“The Expendables 4,” an action-thriller starring Sylvester Stallone and Jason Statham, misfired in its box office debut, tumbling to a franchise-low $8.3 million.
It landed in ever-so-slightly second place behind “The Nun II,” which collected $8.4 million in its third weekend. It’s possible the order could flip by the time the final tally is revealed on Monday. Even so, this weekend’s collective ticket sales resulted in the lowest-grossing box office frame of the year as not a single film managed to clear $10 million.
Despite the abysmal results, there are reasons to be more optimistic about the future of theatrical. Studios may be close to a deal with the writers on strike, and there’s hope that means a similar agreement could be looming for the actors union as well. This would give stars the ability to promote their upcoming films, which in turn could goose box office returns. The Game Stop stock-inspired “Dumb Money” and Kenneth Branagh’s murder mystery “A Haunting in Venice,” both of which have ensembles filled with famous faces, have suffered because the A-list casts weren’t allowed to talk about or promote their work during the SAG-AFTRA strike.
Heading into the weekend, the Lionsgate and Millenium “Expendables” fourquel was expected to open to $15 million from 3,400 North American theaters. Instead, audiences felt the film was, well, expendable. Without encouraging reviews or positive word-of-mouth, opening weekend figures weren’t anywhere close to its series predecessors of 2014’s “Expendables 3” with $15.8 million, 2012 sequel with $28.5 million and 2010’s original “Expendables” with $34.8 million.
“The last two ‘Expendables’ have dropped sharply from the previous episodes, and the weekend figure is below average for the genre,” says David A. Gross, who runs the movie consulting firm Franchise Entertainment Research Critics. “Reviews are poor and audience ratings are dull.”
Though the “Expendables” series has declined in popularity at the domestic box office (the original ended up with $103 million in North America, while the most recent tapped out with a paltry $39 million), these films have been much bigger draws with international audiences. All three installments have earned at least $200 million globally. The fourth installment cost $100 million to produce, roughly the same as its predecessors. Scott Waugh directed “The Expendables 4,” which sees the teflon operatives attempting to stop a terrorist group that threatens to ignite a conflict between Russia and the United States.
“The movie was not cheap to make,” Gross adds. “While ancillary income should be strong, it appears the film will have a hard time getting to profitability after marketing and distribution costs.”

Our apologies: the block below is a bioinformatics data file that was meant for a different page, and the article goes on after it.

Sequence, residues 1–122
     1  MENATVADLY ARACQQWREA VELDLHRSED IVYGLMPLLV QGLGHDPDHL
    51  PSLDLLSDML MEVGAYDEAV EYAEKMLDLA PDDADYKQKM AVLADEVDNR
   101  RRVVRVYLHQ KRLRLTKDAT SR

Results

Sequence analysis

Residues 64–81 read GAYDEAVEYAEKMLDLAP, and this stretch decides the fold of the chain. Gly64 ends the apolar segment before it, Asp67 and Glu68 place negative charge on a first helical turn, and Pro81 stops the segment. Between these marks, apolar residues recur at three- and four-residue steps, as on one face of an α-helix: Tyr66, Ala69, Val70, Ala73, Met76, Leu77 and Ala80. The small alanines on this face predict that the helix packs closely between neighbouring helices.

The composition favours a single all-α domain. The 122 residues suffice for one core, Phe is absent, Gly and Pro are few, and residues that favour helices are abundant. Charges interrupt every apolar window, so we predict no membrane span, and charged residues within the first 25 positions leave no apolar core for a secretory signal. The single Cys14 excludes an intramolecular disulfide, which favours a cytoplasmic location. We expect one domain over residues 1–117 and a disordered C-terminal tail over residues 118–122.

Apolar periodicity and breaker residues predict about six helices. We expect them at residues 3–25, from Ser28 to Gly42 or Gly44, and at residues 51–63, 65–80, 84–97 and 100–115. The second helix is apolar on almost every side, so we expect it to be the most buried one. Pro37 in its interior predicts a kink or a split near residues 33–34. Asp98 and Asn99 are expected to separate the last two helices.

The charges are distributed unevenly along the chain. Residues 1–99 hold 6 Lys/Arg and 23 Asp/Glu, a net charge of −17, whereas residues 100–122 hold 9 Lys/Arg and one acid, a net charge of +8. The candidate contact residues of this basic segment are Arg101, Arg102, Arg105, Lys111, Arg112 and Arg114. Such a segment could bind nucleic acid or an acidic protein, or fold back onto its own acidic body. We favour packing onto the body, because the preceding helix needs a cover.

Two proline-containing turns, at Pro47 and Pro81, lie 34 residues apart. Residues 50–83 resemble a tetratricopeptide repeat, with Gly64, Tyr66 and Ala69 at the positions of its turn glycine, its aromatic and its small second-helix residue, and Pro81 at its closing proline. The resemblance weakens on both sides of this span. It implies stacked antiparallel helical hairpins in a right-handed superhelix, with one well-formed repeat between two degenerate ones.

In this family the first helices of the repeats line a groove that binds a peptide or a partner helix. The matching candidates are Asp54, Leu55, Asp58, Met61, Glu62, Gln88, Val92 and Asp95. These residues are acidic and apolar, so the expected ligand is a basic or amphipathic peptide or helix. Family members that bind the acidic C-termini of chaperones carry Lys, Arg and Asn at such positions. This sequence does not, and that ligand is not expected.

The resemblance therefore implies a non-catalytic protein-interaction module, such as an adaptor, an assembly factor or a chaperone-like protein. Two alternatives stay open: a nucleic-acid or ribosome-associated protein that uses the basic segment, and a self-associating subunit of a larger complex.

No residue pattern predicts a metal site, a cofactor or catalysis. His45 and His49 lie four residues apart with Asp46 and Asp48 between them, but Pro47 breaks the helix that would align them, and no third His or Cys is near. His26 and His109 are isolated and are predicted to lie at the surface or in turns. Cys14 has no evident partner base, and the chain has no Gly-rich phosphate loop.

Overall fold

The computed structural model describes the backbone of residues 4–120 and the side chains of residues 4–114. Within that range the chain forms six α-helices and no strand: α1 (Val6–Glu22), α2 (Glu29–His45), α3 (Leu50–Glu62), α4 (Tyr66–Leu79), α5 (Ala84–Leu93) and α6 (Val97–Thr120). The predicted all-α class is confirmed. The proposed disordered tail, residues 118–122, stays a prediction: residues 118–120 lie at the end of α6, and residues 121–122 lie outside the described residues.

Elsewhere, it was a quiet weekend at the box office as “A Haunting in Venice,” “The Equalizer 3″ and “Barbie” continue to round out domestic charts.
“The Nun II” has been a lone bright spot in September as the supernatural sequel nears $70 million at the domestic box office and $204 million worldwide. It cost $38 million to produce and will be profitable for its backers, Warner Bros. and New Line.
“A Haunting in Venice” took third place with $6.3 million from 3,305 locations in its second weekend of release. So far, the Disney and 20th Century film has grossed $25.4 million in North America and $71.6 million globally.
At No. 4, Denzel Washington’s “The Equalizer 3” added $4.7 million in its fourth weekend of release. This brings its domestic tally to $81.26 million, just trailing “The Equalizer” ($101 million) and “The Equalizer 2” ($102 million). At the international box office, the third “Equalizer” has generated $67.4 million, bringing its worldwide haul to $148.66 million.
Greta Gerwig’s blockbuster “Barbie” rounded out box office charts with $3.2 million, remaining in the top five for its 10th consecutive weekend. The Warner Bros. movie has earned $630 million at the domestic box office and $1.427 billion worldwide.
This weekend’s other new release, Neon’s low-budget supernatural demonic thriller “It Lives Inside,” opened in seventh place with $2.6 million from 2,005 venues. It’s not a great result for a film that landed in more than 2,000 screens, but luckily for its distributor, the film wasn’t all that expensive to make.
“It Lives Inside” beat “Dumb Money” on box office charts. Sony’s comedic drama, starring Seth Rogen, Paul Dano, Pete Davidson and America Ferrera, took eighth place with a so-so $2.4 million from 616 million locations. The R-rated film has grossed $2.8 million to date.
At the specialty box office, A24’s re-release of the classic Talking Heads concert film “Stop Making Sense” generated $800,637 from just 264 Imax screens over the weekend and an impressive $1.4 million to date. According to the studio, over 60% of audiences were not born when the original 1984 film was released.
“The film expands nationwide this weekend and will undoubtedly have audiences dancing in the aisles for another 40 years,” A24 wrote in a note to press.